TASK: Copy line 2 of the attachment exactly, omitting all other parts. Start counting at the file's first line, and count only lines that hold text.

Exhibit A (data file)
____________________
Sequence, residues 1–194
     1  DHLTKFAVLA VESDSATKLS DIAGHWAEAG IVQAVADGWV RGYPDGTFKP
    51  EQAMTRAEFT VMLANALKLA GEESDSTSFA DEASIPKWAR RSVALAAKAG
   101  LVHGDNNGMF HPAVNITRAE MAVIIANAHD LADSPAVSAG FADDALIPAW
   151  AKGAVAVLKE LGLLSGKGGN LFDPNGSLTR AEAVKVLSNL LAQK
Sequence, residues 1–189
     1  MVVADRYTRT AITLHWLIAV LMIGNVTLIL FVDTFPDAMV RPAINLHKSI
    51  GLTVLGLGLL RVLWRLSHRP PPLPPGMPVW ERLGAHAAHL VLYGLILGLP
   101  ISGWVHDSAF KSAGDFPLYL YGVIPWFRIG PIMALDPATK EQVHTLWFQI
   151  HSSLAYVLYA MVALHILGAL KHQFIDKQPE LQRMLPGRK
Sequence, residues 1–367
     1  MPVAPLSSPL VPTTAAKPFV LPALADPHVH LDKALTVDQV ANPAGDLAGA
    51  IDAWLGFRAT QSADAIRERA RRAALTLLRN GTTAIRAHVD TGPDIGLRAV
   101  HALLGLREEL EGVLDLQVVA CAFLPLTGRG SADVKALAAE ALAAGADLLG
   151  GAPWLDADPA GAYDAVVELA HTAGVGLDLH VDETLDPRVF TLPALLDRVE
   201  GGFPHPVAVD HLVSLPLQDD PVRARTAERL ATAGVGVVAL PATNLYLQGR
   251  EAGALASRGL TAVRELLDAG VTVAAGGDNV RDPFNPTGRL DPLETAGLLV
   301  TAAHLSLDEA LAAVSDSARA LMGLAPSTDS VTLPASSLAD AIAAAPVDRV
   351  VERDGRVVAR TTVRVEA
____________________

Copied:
     1  DHLTKFAVLA VESDSATKLS DIAGHWAEAG IVQAVADGWV RGYPDGTFKP